A Well-Deserved Raspberry to William Wyler’s Wuthering Heights

         A film adaptation of a novel depends on the opinion of the director. Sometimes the opinion of the film makers and the society of the time dominate the ideas and personality found in the original work.

         This is true for William Wyler's 1939 film adaptation of Emily Brontë's Wuthering Heights, published in 1847. If I were issuing a raspberry award to the worst film adaptation of the semester, it would definitely go to this movie. I was very disappointed in the film. It did not show the real spirit of any of the characters, and so many characters and themes are simply left out.

         William Wyler does not show the real bad side to the characters. Heathcliff (Laurence Olivier) and Catherine (Merle Oberon) do not grow as characters to the extent they are developed in the novel. If this were not enough for the film to drain the true soul of Brontë's novel, Wyler and script writers Ben Hecht and Charles MacArthur changed the ending. Catherine dies--though not while giving birth--but a lot of turmoil is ended with her. The novel continues all this turmoil with children and other situations that are not discussed at all in the film. The film ends with Heathcliff following the spirit of Catherine outside into a blizzard and freezing to death, then with their ghosts--ghost-acted by doubles--walking toward a cliff. It is absolutely ridiculous. In fact, Wyler refused to film this scene, so a replacement did it under Samuel Goldwyn's orders.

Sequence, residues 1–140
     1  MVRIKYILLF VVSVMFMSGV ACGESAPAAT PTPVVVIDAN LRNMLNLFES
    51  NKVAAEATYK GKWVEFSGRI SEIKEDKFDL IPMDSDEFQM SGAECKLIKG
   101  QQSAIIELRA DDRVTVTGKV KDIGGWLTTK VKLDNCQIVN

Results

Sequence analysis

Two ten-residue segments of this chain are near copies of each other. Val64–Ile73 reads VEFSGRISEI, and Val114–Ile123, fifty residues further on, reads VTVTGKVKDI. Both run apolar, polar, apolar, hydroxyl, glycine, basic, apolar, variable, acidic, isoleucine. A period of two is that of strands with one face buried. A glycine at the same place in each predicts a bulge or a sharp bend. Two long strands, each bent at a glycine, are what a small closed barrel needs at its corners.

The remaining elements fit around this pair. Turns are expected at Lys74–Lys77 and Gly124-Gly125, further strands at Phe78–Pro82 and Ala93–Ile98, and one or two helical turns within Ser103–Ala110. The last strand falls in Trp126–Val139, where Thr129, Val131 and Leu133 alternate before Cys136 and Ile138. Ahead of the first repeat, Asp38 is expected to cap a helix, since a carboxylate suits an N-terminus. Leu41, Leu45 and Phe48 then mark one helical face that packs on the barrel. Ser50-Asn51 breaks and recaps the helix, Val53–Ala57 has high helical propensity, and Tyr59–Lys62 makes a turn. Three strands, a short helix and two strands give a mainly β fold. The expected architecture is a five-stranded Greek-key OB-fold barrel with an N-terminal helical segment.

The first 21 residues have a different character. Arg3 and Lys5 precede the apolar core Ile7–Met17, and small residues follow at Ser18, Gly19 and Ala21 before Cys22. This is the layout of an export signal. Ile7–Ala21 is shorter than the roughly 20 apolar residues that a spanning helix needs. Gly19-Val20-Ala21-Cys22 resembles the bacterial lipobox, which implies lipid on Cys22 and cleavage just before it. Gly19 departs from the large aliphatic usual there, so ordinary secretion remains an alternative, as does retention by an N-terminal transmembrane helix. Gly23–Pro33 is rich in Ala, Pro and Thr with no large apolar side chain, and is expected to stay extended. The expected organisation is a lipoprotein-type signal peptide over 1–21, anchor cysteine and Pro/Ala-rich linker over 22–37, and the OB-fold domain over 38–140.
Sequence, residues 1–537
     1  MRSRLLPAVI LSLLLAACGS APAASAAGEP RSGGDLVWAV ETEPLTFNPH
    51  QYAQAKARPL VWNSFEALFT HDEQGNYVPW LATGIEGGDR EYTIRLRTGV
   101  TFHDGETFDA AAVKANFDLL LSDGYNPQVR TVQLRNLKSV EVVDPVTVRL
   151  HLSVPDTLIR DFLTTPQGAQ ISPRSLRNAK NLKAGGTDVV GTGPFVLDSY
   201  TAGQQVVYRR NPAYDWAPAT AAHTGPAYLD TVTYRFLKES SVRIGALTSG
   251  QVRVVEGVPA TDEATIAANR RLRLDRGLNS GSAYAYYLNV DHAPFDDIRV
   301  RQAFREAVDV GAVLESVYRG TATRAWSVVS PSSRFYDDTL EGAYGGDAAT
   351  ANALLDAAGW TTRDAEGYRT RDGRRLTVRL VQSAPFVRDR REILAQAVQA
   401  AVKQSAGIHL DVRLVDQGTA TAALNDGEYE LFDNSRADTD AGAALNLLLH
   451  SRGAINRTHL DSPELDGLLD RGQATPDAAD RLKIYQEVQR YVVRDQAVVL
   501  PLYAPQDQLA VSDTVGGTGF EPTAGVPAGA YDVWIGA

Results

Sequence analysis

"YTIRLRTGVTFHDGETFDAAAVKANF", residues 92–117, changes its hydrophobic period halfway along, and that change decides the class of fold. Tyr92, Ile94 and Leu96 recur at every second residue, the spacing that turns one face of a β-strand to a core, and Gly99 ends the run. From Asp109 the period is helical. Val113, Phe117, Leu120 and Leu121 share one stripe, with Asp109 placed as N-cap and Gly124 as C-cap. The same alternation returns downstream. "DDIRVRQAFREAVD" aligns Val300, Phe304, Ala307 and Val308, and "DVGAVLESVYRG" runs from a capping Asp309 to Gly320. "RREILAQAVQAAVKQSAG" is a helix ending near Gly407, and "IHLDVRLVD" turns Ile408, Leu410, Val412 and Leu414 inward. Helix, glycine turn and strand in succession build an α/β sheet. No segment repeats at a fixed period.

This adaptation loses the depth of the characters and the storyline because of so many things that are changed or left out.

Lindsey Bennett

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